Business

Valuation warning as home-owners may have underpaid their tax

It is common for business owners to use a company to acquire property as it prevents them from having to extract the money to buy the property from their company and suffer significant tax costs on extraction
It is common for business owners to use a company to acquire property as it prevents them from having to extract the money to buy the property from their company and suffer significant tax costs on extraction It is common for business owners to use a company to acquire property as it prevents them from having to extract the money to buy the property from their company and suffer significant tax costs on extraction

QUESTION. In 2014 I purchased a house for £750,000 using a limited company as the purchase vehicle. At that time the purchase fell below the tax on enveloped dwellings (ATED) charge value of £2 million. However, I was unaware that this limit has been reduced or indeed of the valuation rules. Have I underpaid tax?

ANSWER: You are correct in saying that your property falls within the ATED tax charge regime. ATED applies to residential dwellings in the UK valued more than £500,000, that are owned by a company or within a corporate wrapper a so called ‘non-natural’ purchaser.

The limit was originally £2m in 2013 but was reduced to £1m for 2015-16 and then to £500,000 from 2016 onwards.

You therefore have two issues, the first being that you should have filed ATED returns and paid the ATED charge annually from 2016 and the second issue is that your property may have moved up a band as the charge is banded. The bands start at £500,000 to £1m with an annual charge of £3,800 and increase progressively up to a £245,000 annual charge for a £20m property.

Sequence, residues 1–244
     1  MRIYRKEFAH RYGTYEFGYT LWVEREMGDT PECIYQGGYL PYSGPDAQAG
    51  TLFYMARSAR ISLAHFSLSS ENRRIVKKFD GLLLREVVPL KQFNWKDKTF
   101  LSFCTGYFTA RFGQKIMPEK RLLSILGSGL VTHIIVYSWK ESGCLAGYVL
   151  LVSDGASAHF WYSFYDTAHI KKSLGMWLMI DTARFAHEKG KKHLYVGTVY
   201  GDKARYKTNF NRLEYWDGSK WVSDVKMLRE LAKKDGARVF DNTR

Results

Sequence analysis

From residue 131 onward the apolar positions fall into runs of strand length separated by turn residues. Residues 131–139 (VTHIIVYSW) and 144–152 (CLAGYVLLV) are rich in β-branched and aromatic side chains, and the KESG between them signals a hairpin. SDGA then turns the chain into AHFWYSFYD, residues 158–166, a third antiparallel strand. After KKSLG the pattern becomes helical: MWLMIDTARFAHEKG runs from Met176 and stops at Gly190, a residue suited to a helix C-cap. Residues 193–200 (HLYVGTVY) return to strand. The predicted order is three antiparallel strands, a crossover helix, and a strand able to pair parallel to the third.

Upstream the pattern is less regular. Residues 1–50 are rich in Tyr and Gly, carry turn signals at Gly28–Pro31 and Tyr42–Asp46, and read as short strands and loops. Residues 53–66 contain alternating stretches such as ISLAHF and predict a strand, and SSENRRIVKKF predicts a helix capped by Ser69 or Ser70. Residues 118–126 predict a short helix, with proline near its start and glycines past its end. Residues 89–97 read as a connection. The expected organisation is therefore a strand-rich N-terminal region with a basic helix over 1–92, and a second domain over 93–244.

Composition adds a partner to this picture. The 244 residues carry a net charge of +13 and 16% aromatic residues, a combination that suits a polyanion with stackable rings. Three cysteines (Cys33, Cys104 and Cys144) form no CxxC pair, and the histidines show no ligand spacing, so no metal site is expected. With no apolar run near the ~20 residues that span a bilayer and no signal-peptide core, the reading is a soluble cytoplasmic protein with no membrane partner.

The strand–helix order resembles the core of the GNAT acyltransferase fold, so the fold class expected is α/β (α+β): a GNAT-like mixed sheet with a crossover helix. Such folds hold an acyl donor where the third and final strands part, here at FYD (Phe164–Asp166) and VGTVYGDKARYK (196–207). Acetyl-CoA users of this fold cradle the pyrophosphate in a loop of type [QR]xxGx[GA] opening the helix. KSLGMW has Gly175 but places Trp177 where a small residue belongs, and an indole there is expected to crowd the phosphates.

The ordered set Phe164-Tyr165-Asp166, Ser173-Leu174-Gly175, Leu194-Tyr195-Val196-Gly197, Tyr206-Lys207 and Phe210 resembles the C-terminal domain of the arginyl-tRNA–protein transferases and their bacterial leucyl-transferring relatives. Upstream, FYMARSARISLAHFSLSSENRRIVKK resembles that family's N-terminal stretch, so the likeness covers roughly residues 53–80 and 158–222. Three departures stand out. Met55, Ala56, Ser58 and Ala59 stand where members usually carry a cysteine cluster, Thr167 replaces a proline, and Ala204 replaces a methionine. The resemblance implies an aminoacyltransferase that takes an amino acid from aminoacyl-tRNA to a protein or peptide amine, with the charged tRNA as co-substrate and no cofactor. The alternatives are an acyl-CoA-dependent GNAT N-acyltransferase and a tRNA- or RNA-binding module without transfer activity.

It is commonplace for business owners to use a company to acquire property as it prevents them from having to extract the money to buy the property from their company and suffer significant tax costs on extraction. They simply set up a company to buy the property and lend that new company money from their trading company.

This was also a way around higher stamp duty charges on the sale of the property as they would sell the shares in the company to the buyer as opposed to the property. All this has been closed in recent years by HMRC with punitive stamp duty charges on buying property via a company.

A lot of ATED property owners do not realise that their property must be re-valued every five years with the valuation date fixed on April 1 since 2012. This means that April 1 2022 was a valuation date. If you paid £750,000 for your property in 2012 it will have increased in value since then. Between 2012 and 2017 the average Northern Ireland property increased in value by 16 per cent so this would not have pushed your property into the 2nd ATED band (£1m-£2m).

However, between 2017 and 2022 the average Northern Ireland house price increased in value by 33 per cent, which would push your house value into the next ATED band which carries an annual tax charge of £7,700.

Every house is obviously different, but you need to get an open market value for your property to comply with the regulations.

In summary, you must register for ATED and submit six late returns and pay the six years of charges which will be approximately £26,700 plus interest and penalties unless you qualify for relief from ATED.

There are reliefs from the ATED charge the most common being for properties that are always let to unconnected third parties at full market rent and unavailable for anyone connected with the owner.

Another common exemption is for properties held for development or as trading stock by builders/developers.

Properties can also be being used by a trading business to provide living accommodation to certain qualifying employees and escape the ATED charge.

However, if your property qualifies for relief from the ATED charge, you must still file a return for the property even where no ATED is due because a relief is available, the return should be filed, and the appropriate relief claimed.

:: Paddy Harty (p.harty@fpmaab.com) is partner at FPM Accountants Ltd (www.fpmaab.com). The advice in this column is specific to the facts surrounding the question posed. Neither the Irish News nor the contributors accept any liability for any direct or indirect loss arising from any reliance placed on replies.